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2500 Campus Road, Hawaii Hall
Honolulu, HI 96822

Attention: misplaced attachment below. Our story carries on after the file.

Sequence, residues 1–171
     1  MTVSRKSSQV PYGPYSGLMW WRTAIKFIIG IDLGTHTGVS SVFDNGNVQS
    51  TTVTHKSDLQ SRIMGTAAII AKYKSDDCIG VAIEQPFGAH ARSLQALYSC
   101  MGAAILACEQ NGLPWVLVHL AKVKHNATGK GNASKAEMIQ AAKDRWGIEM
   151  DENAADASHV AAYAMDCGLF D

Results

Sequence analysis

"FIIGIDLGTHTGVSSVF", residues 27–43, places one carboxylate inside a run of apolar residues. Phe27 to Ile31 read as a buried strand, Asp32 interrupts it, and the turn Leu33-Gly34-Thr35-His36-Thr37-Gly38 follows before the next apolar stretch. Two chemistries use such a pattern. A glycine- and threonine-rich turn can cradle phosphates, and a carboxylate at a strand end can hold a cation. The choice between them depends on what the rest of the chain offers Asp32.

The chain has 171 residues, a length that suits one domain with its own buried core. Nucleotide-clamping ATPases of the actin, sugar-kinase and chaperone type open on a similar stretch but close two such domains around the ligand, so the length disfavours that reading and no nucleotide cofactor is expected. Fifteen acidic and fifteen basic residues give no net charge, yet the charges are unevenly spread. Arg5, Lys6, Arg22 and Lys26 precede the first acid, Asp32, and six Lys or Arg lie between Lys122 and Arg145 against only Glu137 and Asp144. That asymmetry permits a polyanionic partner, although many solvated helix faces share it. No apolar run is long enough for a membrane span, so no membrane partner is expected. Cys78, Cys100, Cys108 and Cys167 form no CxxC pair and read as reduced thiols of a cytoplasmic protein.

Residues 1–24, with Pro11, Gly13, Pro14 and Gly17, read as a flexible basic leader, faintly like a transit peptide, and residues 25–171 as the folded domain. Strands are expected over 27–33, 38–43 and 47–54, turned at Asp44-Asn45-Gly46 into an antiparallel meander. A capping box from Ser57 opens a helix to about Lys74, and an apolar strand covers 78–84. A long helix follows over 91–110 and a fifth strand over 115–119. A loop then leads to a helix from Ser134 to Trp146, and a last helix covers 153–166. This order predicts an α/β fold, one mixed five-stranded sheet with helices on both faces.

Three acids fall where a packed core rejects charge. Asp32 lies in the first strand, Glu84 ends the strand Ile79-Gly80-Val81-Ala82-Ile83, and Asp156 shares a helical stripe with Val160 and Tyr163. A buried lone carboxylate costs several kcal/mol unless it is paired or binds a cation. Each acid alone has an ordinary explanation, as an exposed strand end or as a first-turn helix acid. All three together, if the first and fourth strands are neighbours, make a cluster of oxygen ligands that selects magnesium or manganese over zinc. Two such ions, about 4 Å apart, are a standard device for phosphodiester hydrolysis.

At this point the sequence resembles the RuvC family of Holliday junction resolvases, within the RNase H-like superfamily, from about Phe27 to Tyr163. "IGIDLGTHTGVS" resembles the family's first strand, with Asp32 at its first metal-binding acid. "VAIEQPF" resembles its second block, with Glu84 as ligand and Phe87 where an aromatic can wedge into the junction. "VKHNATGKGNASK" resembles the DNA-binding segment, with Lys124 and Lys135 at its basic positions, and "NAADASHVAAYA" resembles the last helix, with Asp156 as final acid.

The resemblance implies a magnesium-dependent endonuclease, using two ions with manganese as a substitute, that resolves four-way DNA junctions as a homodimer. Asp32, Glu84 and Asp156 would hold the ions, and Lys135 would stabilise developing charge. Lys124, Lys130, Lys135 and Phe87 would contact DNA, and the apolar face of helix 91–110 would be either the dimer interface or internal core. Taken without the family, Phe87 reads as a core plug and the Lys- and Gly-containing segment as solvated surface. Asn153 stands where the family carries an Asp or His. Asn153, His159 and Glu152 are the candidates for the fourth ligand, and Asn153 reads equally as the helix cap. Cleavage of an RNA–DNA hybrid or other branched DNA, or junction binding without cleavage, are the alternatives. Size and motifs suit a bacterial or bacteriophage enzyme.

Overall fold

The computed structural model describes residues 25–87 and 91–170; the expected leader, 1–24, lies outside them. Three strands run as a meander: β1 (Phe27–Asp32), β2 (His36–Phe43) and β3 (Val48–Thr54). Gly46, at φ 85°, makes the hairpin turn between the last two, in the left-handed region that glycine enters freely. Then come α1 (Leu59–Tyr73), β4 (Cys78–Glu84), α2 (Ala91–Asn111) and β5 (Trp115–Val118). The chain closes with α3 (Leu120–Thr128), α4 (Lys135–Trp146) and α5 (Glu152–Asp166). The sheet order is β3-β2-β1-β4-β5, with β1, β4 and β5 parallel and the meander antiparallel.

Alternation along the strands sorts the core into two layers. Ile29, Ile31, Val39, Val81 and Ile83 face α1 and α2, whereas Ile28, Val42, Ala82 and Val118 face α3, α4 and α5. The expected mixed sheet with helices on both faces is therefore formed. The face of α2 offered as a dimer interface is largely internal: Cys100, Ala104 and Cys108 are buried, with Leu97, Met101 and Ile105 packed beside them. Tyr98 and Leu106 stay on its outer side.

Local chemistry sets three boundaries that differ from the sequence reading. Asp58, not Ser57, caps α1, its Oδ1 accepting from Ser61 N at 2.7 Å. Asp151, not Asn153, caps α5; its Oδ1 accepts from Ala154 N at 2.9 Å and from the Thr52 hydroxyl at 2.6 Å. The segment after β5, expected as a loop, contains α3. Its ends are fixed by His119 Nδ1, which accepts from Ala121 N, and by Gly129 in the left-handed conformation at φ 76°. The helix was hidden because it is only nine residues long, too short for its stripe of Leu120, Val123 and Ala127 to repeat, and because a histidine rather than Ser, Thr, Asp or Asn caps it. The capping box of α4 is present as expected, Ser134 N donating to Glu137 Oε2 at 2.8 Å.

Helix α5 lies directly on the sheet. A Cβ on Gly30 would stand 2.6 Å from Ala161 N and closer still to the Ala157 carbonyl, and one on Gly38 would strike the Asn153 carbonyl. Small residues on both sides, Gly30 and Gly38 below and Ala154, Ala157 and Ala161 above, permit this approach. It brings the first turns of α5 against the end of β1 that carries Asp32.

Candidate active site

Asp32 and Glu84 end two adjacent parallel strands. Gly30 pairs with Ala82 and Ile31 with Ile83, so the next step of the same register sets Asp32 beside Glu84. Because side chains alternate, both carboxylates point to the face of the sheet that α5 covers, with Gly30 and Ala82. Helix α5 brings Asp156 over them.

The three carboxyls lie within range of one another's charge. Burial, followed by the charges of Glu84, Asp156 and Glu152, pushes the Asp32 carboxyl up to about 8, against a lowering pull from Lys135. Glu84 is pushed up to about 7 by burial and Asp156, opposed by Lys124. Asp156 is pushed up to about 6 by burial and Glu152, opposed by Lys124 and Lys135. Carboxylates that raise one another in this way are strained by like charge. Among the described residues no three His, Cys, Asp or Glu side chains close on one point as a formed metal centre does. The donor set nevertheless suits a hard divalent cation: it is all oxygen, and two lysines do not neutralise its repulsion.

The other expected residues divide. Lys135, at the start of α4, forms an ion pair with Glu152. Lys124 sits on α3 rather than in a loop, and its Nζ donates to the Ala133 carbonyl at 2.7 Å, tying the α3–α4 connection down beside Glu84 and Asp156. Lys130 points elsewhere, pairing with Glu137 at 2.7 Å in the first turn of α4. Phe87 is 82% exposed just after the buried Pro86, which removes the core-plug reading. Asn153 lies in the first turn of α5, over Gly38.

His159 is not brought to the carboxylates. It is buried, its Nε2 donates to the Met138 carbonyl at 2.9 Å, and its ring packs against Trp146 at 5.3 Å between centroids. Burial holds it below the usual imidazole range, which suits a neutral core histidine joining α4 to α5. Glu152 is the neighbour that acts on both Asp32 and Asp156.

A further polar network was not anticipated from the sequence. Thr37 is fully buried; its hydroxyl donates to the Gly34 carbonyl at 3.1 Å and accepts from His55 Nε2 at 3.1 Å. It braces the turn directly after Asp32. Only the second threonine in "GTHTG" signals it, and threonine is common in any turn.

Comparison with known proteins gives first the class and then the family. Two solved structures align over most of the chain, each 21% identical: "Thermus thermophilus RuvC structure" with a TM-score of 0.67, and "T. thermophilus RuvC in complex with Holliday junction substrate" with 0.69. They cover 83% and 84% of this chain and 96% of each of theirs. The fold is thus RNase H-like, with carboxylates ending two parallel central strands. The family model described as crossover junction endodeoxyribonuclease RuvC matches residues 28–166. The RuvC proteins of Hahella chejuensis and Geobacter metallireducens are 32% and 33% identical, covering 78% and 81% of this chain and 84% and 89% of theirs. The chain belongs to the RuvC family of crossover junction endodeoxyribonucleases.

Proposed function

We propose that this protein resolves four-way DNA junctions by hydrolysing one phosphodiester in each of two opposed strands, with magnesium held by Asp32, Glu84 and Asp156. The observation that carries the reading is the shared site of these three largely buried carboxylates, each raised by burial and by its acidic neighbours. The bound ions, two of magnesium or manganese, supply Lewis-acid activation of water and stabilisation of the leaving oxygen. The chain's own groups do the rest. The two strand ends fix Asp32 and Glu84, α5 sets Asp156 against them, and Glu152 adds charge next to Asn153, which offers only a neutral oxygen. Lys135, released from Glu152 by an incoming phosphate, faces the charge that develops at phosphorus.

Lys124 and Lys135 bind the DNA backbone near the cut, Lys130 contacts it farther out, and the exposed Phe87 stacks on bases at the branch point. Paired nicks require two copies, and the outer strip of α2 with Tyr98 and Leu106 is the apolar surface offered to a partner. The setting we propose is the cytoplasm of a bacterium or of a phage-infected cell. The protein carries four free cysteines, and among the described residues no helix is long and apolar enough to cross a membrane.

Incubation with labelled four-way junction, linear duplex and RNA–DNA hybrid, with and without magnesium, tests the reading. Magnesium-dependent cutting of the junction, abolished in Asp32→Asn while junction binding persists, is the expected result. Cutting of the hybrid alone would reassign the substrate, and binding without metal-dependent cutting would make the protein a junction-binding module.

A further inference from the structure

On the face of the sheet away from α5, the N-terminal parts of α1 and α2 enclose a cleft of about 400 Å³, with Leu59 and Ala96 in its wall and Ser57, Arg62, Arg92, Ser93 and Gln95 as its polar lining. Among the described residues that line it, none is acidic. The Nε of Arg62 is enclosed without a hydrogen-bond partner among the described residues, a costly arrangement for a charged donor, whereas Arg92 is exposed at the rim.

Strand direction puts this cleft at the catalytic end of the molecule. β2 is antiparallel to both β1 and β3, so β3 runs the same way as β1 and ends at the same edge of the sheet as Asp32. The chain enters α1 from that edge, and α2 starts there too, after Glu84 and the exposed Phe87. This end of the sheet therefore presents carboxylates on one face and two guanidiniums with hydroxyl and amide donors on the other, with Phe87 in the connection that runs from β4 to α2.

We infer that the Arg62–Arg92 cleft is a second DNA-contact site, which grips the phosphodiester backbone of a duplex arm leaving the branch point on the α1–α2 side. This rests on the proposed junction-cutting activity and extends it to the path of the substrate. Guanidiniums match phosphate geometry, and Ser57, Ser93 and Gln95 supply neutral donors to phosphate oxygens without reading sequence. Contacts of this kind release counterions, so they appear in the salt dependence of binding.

The University of Hawai`i at Manoa’s special distinction is found in its Hawaiian, Asian, and Pacific orientation and its unique location in the middle of the Pacific Ocean. Its setting and the diversity of its students and faculty foster unique advantages in the study of Asian and Pacific cultures, foreign languages, tropical agriculture, tropical medicine, ocean and marine sciences, astronomy, volcanology, and international business.\r\n\r\nOur unique geographical, cultural, and historical heritage suggests that Manoa values and the responsibilities inherent in embracing those values include the following:\r\n\r\nA focus on developing an awareness of and sensitivity to diversity and commonality. The Manoa campus is culturally rich and complex, providing a perfect social setting for frequent interactions with persons from\r\ncultures other than one’s own. At Manoa we incorporate and celebrate intercultural experiences and understanding into our social and educational environments in a comprehensive fashion. Manoa is also a place where historic political, economic and social conflicts between Native Hawaiian people, settlers and working immigrants have contributed to the diverse perspectives, beliefs, values and even conceptual frameworks of our islands’ people. Growing out of the core Hawaiian value of aloha, an essential component of the Manoa Experience, are insights that both bond us and simultaneously express the variations that collectively enrich us.\r\n\r\nA focus on global awareness and local responsibility. These values are consistent with a uniquely Hawaiian place of learning. Hawai`i is a place where the strength of identity is important to Native Hawaiian people\r\nstruggling to maintain traditional connections while establishing new global relationships. Their struggle for cultural distinction forms a significant part of the story of human history and change. Hawai`i is also a place\r\nwhere the peoples from Asia, Europe, and the Pacific regions gathered, formed communities, and built lives together. The pluricultural children of Hawai`i are global citizens, a true pan-ethnic population. Hence, we attempt to \r\ninfuse our pedagogical, social, and cultural environments with a global perspective and with questions and issues of global significance. Moreover, engaging and acting upon local questions and issues during their\r\neducational experience at Manoa engenders in students a sense of responsibility toward future generations.\r\n\r\nA focus on sustainability and renewability. These values are also a reflection of our unique Hawaiian cultural history, as voiced in the Hawaiian core value of malama i ka aina, malama i ke kai (caring for the land and sea that sustain us). The Hawaiian culture teaches us to see Manoa as part of an ahupua`a extending from mountaintop to ocean, emphasizing an ecosystem understanding of our home. Hawai`i’s unique geographical status as the most isolated, populated land mass on the planet makes it incumbent upon us to develop research, technologies, economy, and a way of life based on sustainability and renewability, as Polynesians did over thousands of years of voyaging, discovery and settlement. Fostering a pedagogical, social, and cultural environment that reflects these values and the knowledge developed by Native Hawaiians over millennia is central to our efforts. Cultivating, practicing, and communicating these values are our University’s gifts and obligation to the rest of the world.

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